Because capacitors store energy in the form of an electric field, they tend to act like small secondary-cell batteries, being able to store and release electrical energy. A fully discharged capacitor maintains zero volts across its terminals, and a charged capacitor maintains a steady quantity of voltage across its terminals, just like a battery. When capacitors are placed in a circuit with other sources of voltage, they will absorb energy from those sources, just as a secondary-cell battery will become charged as a result of being connected to a generator. A fully discharged capacitor, having a terminal voltage of zero, will initially act as a short-circuit when attached to a source of voltage, drawing maximum current as it begins to build a charge. Over time, the capacitor’s terminal voltage rises to meet the applied voltage from the source, and the current through the capacitor decreases correspondingly. Once the capacitor has reached the full voltage of the source, it will stop drawing current from it, and behave essentially as an open-circuit.

When the switch is first closed, the voltage across the capacitor (which we were told was fully discharged) is zero volts; thus, it first behaves as though it were a short-circuit. Over time, the capacitor voltage will rise to equal battery voltage, ending in a condition where the capacitor behaves as an open-circuit. Current through the circuit is determined by the difference in voltage between the battery and the capacitor, divided by the resistance of 10 kΩ. As the capacitor voltage approaches the battery voltage, the current approaches zero. Once the capacitor voltage has reached 15 volts, the current will be exactly zero. Let’s see how this works using real values:

Time (seconds) | Battery Voltage | Capacitor Voltage | Current |
---|---|---|---|

0 | 15 V | 0 V | 1500 uA |

0.5 | 15 V | 5.902 V | 909.8 uA |

1 | 15 V | 9.482 V | 551.8 uA |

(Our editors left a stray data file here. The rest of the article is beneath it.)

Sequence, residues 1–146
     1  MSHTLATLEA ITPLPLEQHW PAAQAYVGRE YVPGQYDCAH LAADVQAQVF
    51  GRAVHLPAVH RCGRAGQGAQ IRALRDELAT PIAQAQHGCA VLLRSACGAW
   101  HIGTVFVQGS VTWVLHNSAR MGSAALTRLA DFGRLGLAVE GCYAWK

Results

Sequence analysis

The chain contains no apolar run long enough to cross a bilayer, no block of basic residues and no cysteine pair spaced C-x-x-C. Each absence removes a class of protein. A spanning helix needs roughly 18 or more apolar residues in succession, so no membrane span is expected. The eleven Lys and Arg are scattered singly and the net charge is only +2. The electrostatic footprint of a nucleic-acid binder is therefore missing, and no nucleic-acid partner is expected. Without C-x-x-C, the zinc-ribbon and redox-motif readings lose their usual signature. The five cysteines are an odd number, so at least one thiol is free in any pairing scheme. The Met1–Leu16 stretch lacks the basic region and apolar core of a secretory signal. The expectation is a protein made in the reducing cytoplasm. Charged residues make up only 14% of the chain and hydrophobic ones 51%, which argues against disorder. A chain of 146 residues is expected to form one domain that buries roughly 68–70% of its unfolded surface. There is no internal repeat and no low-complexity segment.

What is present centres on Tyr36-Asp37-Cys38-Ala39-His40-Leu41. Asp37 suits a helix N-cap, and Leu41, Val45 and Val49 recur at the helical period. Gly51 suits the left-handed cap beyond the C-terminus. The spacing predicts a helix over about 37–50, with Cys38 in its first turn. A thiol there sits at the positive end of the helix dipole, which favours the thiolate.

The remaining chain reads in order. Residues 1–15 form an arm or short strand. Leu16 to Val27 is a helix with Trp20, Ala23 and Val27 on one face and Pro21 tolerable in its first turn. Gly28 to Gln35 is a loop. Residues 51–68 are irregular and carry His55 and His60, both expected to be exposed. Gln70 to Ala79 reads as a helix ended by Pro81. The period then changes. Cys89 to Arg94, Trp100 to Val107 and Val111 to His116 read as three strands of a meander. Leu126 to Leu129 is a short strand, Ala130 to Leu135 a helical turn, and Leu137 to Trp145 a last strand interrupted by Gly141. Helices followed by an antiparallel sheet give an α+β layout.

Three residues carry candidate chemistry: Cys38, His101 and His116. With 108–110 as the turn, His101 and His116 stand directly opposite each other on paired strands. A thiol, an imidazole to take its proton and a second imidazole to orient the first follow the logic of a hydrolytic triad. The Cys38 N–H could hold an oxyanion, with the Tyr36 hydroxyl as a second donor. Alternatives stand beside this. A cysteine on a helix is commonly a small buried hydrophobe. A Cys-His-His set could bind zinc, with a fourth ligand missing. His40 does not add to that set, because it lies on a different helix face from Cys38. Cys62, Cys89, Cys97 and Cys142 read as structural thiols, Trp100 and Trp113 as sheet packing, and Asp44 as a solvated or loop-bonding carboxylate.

2 | 15 V | 12.970 V | 203.0 uA |

3 | 15 V | 14.253 V | 74.68 uA |

4 | 15 V | 14.725 V | 27.47 uA |

5 | 15 V | 14.899 V | 10.11 uA |

6 | 15 V | 14.963 V | 3.718 uA |

10 | 15 V | 14.999 V | 0.068 uA |

The capacitor voltage’s approach to 15 volts and the current’s approach to zero over time is what a mathematician would describe as *asymptotic:* that is, they both approach their final values, getting closer and closer over time, but never exactly reach their destinations. For all practical purposes, though, we can say that the capacitor voltage will eventually reach 15 volts and that the current will eventually equal zero.

Using the SPICE circuit analysis program, we can chart this asymptotic buildup of capacitor voltage and decay of capacitor current in a more graphical form (capacitor current is plotted in terms of voltage drop across the resistor, using the resistor as a shunt to measure current):

As you can see, I have used the *.plot* command in the netlist instead of the more familiar *.printcommand*. This generates a pseudo-graphic plot of figures on the computer screen using text characters. SPICE plots graphs in such a way that time is on the vertical axis (going down) and amplitude (voltage/current) is plotted on the horizontal (right=more; left=less). Notice how the voltage increases (to the right of the plot) very quickly at first, then tapering off as time goes on. Current also changes very quickly at first then levels off as time goes on, but it is approaching minimum (left of scale) while voltage approaches maximum.

**REVIEW:**

- Capacitors act somewhat like secondary-cell batteries when faced with a sudden change in applied voltage: they initially react by producing a high current which tapers off over time.
- A fully discharged capacitor initially acts as a short circuit (current with no voltage drop) when faced with the sudden application of voltage. After charging fully to that level of voltage, it acts as an open circuit (voltage drop with no current).
- In a resistor-capacitor charging circuit, capacitor voltage goes from nothing to full source voltage while current goes from maximum to zero, both variables changing most rapidly at first, approaching their final values slower and slower as time goes on.